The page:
Vermont senator and self-proclaimed “Democratic socialist” who came close to the nomination in 2016.
Medicare-for-All universal healthcare coverage; raising taxes on the wealthiest Americans; upping the minimum wage.
The big question hanging over Sanders’ 2020 presidential campaign was whether it would be able to recapture the magic of his 2016 effort.
For a while, it was no sure thing. The 78-year-old candidate had a heart attack in October, raising concerns about his age. He was competing in a much more crowded field, which featured another liberal heavyweight, Elizabeth Warren. His polling support ebbed and flowed for much of 2019.
By early 2020, however, he had re-established himself again as the progressive standard-bearer, whose sometimes gruff and always consistent message about income inequality and corporate rapaciousness lent him an air of that much-sought-after modern political quality – authenticity.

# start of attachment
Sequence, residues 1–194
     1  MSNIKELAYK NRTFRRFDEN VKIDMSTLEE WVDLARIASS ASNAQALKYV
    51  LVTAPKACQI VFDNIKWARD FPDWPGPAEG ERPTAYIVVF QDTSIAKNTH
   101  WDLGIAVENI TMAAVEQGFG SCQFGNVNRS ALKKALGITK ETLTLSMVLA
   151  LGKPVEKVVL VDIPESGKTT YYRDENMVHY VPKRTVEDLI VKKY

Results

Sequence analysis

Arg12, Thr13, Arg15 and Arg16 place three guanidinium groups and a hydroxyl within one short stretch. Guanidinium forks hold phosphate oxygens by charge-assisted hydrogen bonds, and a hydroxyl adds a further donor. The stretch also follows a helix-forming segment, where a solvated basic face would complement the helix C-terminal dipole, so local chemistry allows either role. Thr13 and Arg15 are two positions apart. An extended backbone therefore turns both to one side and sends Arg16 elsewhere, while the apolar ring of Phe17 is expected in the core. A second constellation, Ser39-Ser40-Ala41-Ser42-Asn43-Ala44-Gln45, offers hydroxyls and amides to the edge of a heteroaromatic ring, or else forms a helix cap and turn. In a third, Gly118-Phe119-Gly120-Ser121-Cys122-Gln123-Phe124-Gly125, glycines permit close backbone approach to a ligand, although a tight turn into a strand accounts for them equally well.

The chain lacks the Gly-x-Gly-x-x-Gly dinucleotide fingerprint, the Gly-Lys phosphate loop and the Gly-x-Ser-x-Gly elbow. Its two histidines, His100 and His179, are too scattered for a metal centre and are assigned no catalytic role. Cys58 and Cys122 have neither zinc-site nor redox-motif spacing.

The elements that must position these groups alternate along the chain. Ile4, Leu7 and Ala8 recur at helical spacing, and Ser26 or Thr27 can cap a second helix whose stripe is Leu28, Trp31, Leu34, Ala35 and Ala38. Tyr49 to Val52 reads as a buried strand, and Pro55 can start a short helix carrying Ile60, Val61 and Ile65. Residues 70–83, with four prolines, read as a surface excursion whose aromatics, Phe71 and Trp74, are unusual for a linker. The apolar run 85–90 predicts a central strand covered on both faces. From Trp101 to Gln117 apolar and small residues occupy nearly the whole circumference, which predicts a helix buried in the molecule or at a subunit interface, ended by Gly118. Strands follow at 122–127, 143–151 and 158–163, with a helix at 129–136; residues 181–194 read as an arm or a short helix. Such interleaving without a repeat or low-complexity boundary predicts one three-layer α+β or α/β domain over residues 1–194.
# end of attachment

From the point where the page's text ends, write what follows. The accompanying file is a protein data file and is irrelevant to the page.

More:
To win the nomination he’ll have to either count on a field where the moderate Democratic vote stays divided or ensure that his base reflects the diversity of the Democratic party – all while deflecting what will be a fierce effort by some in the party to derail his campaign.
Loyalty. More than any other Democratic candidate, Sanders has a core group of supporters who have stuck with him through thick and thin. They despaired when he lost in 2016, and have been planning his political revival ever since. Now their time has come.